3. He wanted to be away from people, but he didn't want the responsibility (for his own life) that comes with such separation from society. He seemed to think getting food in Alaska would be just as easy as a trip to the grocery store, ignoring all the human effort that was involved in making convenient food possible. "Where are all the fucking animals?! I'M FUCKING HUNGRY!"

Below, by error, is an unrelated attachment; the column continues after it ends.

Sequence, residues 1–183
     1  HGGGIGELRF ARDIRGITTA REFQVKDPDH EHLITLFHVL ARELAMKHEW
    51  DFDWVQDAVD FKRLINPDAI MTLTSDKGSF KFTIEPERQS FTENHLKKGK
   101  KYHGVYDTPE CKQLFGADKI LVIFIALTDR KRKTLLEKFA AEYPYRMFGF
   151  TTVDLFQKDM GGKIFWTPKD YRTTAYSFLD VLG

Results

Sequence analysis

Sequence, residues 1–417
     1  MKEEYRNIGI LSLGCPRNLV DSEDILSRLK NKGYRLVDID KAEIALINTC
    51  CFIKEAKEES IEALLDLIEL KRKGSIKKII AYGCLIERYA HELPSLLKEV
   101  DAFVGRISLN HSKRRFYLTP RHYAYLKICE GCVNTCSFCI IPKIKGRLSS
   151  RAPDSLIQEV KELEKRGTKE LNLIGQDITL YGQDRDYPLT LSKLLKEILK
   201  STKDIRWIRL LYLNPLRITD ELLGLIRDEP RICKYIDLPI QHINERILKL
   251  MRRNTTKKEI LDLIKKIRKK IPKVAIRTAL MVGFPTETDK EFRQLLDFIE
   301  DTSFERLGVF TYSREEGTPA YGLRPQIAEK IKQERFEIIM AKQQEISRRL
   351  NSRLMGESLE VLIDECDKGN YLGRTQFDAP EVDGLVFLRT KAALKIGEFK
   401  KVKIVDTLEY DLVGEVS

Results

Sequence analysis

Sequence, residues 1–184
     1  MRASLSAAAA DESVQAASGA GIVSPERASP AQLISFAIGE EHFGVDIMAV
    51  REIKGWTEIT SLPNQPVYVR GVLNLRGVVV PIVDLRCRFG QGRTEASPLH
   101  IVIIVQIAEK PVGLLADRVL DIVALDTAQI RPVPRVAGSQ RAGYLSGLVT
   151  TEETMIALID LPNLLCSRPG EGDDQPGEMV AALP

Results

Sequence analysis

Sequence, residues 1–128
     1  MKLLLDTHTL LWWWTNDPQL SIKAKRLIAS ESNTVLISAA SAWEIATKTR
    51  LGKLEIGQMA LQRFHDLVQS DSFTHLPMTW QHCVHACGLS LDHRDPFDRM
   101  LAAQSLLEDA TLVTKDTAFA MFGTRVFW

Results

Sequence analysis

4. This letter appears written purposely to be included on the CP.org Positive Feedback page, as particularly evident by the pandering in the last sentence. It's unfortunate to see Edward Cline included on that page, passing judgment on DH based solely on his "one and only encounter" which "left a bad taste" in his mouth. He compares her to "sworn enemies" of Rand who "attacked her with smears" intent on destroying Objectivism, as if we should presume that DH is even attacking Rand or Objectivism, and not simply disputing LP's application of Objectivism to particulars (for which I agree with LP, not DH, in certain instances). Might I remind you that LP himself states that disagreement with him, or even with Rand, on concrete applications of Objectivism, does not disqualify one from being an Objectivist. Cline is right that many people are "very confused about what is and what ought to be." But confusion isn't immoral, and it is not alleviated with a condescending remark ("alleged Objectivists... presumptive students of Objectivism"), but with clarification and discourse.